I’m tired of Harry and Meghan. The media should be too

They want to earn millions from the very media they’ve attacked, while news that matters gets ignored in the process.

Pedestrians pass a display in the window of a book shop in London, the United Kingdom, where Prince Harry's book is prominently displayed.
Pedestrians pass a display in the window of a book shop in London, United Kingdom, Tuesday, January 10, 2023, where Prince Harry's book Spare is seen prominently (Kirsty Wigglesworth/AP Photo)

Pretty much everything I know about Prince Harry and Meghan Markle I’ve been forced to absorb against my will.

For the last few months, even years now, the lives of the couple have been splattered across front-page articles and mainstream news. While Markle has had a career as an actress in the United States, Harry’s biggest — and frankly only — claim to fame is a family association he gained through birth. Amidst a growing cost of living crisis, colossal global inflation rates and a terrifying climate catastrophe, news that matters should not be hijacked by meaningless tabloid gossip.

Whether it was the bit about how Harry lost his virginity behind a shack to a woman that treated him “like a stallion” or his mushroom trip at Courtney Cox’s home, I’ve involuntarily learned particulars about the life of this 38-year-old prince from the House of Windsor.

There has been no way to avoid it. Be it on news websites, on Instagram or Twitter feeds, on Netflix or Spotify top 10 lists, and now even on the shelves of bookstores — my usual safe haven — there has been no escape from Harry, Meghan and other British royals (or ex-royals).

The recent release of Harry’s memoir, Spare, has led to even more frenzied news coverage of the family’s dirty laundry than usual. December brought a six-part Netflix documentary series and a string of media appearances. And of course, no one has forgotten the viral Oprah Winfrey interview in 2021.

But here’s the irony.

Harry has repeatedly attacked the media, blaming them for the death of his mother, Princess Diana, as well as his wife’s miscarriage among other things. For a couple that has taken almost every opportunity to complain about how damaging intrusive journalism has been, Harry and Meghan seem oddly willing to lay bare every detailed minutia of their lives, in exchange for millions of dollars. And for some reason we are now expected to care.

Harry’s latest claim, while promoting his book, is that his elder brother William — the first in line to the British throne — physically assaulted him. Instead of relaying that to the police at the time, Harry opted to save the detail for a memoir sold at an official retail price of £28 ($34) per copy. I guess he needed to balance what scandalous topics made it to the Netflix documentary for which he and Meghan were reportedly paid $100m, what makes it to a Spotify podcast series apparently worth $18m and what made it to the book. How else would he get people to pay for all of them?

Now with a book, podcast and documentary series out, we are left wondering what the couple has saved to cash in on a cinematic dramatisation of their lives which, according to Peter Morgan, showrunner of the Netflix show The Crown, is “too fresh” to write yet.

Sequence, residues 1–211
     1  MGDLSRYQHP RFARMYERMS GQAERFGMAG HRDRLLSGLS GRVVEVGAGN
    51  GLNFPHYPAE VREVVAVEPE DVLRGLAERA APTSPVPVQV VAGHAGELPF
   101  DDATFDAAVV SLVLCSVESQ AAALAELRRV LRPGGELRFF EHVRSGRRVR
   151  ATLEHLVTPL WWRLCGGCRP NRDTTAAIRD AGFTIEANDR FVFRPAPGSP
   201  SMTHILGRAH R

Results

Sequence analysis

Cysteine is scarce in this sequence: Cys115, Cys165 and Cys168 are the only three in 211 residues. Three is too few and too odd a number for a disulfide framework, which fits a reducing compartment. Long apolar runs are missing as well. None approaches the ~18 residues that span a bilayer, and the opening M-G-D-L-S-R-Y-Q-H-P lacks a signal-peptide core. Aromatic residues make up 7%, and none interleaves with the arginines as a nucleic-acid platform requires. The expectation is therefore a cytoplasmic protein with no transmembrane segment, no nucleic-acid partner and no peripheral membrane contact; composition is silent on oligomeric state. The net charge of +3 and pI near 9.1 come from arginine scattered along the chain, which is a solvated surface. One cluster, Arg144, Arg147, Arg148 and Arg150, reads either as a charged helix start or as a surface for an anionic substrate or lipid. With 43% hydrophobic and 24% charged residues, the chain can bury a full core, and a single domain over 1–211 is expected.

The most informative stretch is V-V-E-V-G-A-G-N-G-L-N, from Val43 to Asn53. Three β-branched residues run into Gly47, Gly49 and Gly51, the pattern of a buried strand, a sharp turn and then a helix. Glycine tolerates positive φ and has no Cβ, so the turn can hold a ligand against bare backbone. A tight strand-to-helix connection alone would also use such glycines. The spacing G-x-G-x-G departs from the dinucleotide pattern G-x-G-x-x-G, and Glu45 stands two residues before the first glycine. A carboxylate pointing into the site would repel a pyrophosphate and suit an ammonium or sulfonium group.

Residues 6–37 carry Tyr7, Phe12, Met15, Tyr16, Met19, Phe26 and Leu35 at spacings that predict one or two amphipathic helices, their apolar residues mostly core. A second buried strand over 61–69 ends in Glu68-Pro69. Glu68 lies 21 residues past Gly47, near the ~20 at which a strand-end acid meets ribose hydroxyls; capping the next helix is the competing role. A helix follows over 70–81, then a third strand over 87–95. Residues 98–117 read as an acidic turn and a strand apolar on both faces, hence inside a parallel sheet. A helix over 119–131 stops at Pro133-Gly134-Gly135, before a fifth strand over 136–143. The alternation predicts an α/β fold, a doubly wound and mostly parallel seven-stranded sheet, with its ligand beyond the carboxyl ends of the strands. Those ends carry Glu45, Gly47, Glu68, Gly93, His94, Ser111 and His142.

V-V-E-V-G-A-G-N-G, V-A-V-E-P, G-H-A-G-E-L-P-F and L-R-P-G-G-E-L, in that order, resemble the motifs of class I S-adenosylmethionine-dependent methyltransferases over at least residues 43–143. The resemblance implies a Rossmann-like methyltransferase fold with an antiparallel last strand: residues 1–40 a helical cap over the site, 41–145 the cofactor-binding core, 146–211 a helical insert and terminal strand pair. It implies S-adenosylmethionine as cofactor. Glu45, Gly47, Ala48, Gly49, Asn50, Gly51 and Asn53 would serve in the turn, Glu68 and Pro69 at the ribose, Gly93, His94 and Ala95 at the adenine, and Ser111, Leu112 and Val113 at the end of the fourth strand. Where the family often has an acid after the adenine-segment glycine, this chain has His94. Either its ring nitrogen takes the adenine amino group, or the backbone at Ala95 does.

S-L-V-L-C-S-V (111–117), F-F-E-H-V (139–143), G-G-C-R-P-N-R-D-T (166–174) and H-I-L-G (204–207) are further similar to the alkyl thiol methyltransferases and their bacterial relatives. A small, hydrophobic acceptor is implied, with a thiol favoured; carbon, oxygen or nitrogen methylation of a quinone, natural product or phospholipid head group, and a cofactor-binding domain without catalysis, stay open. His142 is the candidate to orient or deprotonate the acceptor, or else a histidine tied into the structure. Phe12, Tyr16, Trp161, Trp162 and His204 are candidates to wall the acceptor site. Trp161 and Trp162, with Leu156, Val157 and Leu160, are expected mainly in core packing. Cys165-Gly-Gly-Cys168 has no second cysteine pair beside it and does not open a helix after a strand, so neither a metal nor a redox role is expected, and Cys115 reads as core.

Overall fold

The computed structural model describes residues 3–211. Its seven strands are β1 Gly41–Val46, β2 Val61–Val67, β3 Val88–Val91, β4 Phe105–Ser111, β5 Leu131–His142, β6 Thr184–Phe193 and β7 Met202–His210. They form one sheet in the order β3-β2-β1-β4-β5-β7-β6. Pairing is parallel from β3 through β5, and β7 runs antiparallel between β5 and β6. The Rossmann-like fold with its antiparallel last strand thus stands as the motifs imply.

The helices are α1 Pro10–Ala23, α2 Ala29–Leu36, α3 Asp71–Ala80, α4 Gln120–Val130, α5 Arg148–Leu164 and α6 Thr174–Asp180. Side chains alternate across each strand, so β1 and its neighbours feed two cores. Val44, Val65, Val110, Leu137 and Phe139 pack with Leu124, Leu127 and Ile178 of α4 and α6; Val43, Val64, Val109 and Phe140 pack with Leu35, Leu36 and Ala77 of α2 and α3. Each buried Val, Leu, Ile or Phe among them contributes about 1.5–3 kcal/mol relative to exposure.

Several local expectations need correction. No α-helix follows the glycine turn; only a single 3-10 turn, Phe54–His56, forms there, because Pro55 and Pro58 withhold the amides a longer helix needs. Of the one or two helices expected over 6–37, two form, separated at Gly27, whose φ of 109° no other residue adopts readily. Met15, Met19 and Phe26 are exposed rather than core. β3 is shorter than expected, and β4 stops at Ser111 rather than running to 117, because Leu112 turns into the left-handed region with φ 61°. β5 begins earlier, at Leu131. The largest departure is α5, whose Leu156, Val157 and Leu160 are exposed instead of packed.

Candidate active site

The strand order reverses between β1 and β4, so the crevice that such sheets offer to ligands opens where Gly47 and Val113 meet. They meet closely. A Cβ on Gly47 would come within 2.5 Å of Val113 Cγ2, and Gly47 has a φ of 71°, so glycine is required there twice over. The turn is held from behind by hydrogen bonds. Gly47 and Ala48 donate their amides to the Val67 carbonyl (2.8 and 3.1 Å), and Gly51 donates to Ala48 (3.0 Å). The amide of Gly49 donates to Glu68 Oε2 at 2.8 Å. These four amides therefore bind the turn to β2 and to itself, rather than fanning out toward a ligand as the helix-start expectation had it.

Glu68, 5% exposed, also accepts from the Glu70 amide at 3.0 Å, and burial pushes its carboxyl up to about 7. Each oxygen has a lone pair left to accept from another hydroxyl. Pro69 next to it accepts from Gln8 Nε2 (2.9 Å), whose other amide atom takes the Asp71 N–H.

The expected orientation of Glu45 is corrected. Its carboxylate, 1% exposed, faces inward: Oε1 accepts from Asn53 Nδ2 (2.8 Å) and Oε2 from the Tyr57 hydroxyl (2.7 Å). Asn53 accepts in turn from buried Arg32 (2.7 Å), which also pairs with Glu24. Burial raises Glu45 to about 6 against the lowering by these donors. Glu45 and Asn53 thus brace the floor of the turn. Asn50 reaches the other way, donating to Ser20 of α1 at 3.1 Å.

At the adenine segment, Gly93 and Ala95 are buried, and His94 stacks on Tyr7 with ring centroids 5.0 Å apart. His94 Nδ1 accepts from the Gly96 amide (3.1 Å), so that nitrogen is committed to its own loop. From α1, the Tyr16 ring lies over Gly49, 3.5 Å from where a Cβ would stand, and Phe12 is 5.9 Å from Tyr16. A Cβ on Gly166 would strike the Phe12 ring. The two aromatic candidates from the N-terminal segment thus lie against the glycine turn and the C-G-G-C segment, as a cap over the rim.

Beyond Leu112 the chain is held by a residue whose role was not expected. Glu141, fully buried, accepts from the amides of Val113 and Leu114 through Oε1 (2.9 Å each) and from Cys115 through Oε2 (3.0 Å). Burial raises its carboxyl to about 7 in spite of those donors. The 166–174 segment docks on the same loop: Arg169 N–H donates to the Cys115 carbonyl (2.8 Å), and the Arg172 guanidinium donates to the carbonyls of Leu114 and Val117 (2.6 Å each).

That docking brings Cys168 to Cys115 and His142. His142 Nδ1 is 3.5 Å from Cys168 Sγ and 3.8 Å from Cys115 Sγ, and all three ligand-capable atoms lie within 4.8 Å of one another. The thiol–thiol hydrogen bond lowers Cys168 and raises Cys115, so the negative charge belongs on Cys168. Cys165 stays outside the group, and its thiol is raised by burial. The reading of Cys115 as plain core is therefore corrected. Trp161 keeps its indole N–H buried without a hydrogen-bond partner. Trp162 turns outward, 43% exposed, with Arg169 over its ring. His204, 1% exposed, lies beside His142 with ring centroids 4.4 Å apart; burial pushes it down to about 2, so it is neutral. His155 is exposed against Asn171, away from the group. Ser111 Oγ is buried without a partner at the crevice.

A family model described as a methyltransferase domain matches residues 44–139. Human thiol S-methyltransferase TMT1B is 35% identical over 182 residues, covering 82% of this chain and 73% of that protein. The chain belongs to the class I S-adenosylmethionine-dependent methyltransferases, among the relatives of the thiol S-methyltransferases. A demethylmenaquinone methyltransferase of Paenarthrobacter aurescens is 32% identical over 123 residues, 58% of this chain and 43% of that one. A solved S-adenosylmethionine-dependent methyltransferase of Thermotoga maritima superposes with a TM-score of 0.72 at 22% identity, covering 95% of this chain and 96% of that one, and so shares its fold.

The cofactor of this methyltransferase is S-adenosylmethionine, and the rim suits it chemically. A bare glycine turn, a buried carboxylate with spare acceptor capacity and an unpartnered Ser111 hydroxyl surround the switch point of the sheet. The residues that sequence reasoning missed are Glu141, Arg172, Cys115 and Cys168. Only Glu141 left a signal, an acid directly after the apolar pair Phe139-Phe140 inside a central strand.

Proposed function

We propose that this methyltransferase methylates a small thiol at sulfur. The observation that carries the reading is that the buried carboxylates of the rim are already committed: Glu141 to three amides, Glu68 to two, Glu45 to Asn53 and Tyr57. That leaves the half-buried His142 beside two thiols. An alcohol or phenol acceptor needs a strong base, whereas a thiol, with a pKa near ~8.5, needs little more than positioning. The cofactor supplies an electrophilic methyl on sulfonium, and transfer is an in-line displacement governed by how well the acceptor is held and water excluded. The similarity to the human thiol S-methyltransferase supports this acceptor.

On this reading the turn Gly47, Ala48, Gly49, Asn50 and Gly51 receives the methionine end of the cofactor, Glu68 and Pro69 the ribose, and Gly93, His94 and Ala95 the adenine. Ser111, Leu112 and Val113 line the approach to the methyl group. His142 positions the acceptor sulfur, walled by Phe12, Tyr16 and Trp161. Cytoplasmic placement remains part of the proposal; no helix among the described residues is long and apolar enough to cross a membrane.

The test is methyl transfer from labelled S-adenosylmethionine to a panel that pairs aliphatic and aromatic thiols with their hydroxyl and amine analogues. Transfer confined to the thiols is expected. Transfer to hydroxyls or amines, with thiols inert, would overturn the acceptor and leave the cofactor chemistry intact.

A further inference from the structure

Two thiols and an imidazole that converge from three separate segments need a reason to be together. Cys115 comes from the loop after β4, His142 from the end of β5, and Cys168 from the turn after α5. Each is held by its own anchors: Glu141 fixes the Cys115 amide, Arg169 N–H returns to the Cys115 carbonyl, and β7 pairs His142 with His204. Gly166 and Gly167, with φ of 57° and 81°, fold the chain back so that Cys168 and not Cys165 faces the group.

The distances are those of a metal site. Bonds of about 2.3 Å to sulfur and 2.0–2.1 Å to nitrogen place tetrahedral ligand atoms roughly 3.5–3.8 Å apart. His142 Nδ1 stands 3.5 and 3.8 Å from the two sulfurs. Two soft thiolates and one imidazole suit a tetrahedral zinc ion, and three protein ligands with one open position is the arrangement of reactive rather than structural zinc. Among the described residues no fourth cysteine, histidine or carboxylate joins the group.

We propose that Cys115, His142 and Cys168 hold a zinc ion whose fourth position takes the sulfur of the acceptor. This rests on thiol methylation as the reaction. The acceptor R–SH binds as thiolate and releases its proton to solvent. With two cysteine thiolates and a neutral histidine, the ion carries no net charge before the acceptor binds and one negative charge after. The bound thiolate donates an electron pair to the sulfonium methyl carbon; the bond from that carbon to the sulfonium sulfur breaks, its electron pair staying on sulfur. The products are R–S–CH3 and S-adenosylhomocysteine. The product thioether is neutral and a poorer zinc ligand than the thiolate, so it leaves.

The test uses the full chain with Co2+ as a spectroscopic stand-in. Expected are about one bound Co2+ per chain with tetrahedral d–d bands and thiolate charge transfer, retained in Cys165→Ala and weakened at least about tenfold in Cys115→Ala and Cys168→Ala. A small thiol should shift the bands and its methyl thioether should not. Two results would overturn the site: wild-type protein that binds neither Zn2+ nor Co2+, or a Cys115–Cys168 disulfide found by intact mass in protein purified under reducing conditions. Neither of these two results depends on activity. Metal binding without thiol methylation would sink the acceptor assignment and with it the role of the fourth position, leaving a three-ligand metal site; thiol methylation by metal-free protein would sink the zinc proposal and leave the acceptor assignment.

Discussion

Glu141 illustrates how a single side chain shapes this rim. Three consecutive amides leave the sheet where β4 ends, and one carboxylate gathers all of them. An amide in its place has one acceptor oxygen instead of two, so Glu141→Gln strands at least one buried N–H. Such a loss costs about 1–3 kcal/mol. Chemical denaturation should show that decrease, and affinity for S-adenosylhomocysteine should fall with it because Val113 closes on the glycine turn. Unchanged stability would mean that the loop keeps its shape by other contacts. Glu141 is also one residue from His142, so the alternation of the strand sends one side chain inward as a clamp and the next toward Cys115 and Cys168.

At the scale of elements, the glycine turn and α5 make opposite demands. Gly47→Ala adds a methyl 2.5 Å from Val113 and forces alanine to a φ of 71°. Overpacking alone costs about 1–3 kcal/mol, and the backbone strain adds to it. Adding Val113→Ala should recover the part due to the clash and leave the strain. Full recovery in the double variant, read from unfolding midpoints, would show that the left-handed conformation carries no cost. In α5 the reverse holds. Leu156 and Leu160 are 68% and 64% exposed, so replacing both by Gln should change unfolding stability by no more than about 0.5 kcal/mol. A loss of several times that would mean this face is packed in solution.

have previously written about how irrelevant the royal family is, as well as the corruption fuelling their power. I would have been the first in line to buy Harry’s Spare if he had confronted his grandmother — the late Queen Elizabeth II — on his family’s legacy of colonialism, global imperialism and oppression, and had written about that in the book. But to force-feed information like how Harry’s son, Archie, was not offered taxpayer-funded protection by the royal family is ludicrous and fails to garner my sympathy.

Meanwhile, Harry has detailed how his approach to much of the world is in keeping with his family’s history. Instead of trying to create a pity story for the profoundly wealthy couple now living in California, the media should be highlighting how Harry, in his book, described almost with pride that he killed 25 people in Afghanistan during his stint there with the military. Harry has confessed to thinking of those he shot from his attack helicopter as “chess pieces” to be removed from the board. That isn’t a surprise: After all, in 2013, he said “playing PlayStation and Xbox” made him a better military pilot.

Dehumanising the lives of Afghans and others in the Global South of course comes naturally to the British elite. Dead Afghans are merely a statistic to them. Harry’s ancestors have led repeated invasions into Afghanistan since 1838, killing an untold number of Afghans.

Just as I’m not interested in the daily lives of Harry and Meghan, I have no fascination with the British monarchy in general. Is the royal family corrupt? Yes. Is this new information? No.

The media should stop focussing on Harry and Meghan’s antics and keep it in the celebrity gossip columns where they belong.

There are far more pertinent things we should be worried about. The royal family and its members are only relevant if we continue to make them relevant.

The views expressed in this article are the author’s own and do not necessarily reflect Al Jazeera’s editorial stance.